"the gun was left by a veteran member of the SWAT team who forgot the weapon in the grass while packing up gear after the standoff ended."
In the Army, one of the worst examples of neglect you can commit is losing a weapon. Essentially, there is no good reason to lose a weapon if you are concious. I have seen entire bases locked down for one missing rifle. When the problem reaches that level of command, at least one person's career is shot.
That's not to say I don't feel sympathy for this guy. I've had a rifle stolen from under my care many years ago by OPFOR during field exercises. I spent a good portion of the duty shift trying not to vomit from nausea after finding it missing, until a grinning Specialist handed it back to me in the morning, having been highly praised for infiltrating the center of camp and bringing back with my rifle. I can say that never happened to me again. I'd guess if this member of the SWAT team was in the same state when he found out, and it probably will have the same effect on him: if it's not in my hands, it's on my back; if it's not on my back, it's locked up.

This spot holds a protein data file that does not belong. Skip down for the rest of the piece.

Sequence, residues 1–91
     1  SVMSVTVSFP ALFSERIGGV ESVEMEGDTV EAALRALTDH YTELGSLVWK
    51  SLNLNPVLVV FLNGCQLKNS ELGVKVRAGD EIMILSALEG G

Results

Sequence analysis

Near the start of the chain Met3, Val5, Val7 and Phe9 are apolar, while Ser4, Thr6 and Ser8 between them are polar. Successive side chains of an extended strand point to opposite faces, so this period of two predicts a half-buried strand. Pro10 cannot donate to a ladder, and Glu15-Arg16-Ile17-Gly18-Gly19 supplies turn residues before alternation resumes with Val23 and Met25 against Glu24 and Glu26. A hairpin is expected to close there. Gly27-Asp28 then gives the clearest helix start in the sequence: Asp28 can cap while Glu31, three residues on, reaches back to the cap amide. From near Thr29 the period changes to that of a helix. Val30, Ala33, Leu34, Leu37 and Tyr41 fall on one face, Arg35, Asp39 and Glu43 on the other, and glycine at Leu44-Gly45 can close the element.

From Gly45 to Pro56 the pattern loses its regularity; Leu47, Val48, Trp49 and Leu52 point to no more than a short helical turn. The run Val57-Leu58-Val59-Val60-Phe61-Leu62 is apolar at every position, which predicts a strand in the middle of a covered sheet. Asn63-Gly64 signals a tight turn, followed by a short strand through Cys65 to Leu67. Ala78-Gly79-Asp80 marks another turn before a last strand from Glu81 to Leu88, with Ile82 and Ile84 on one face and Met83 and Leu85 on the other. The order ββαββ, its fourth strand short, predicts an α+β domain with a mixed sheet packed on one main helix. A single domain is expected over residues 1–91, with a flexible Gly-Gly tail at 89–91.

What needs to be done, besides some degree of punishment to make a point, is a review of how SWAT teams manage accountability for sensitive equipment. This wasn't just an individual failure. Where was the team leader when it was time to leave the scene? Why didn't he do an equipment survey before leaving? How often are sensitive items accounted for? It speaks volumes about security practices and leader responsibility when it's a homeowner calling in to report a missing police weapon. There should be more than one person receiving punishment in this case.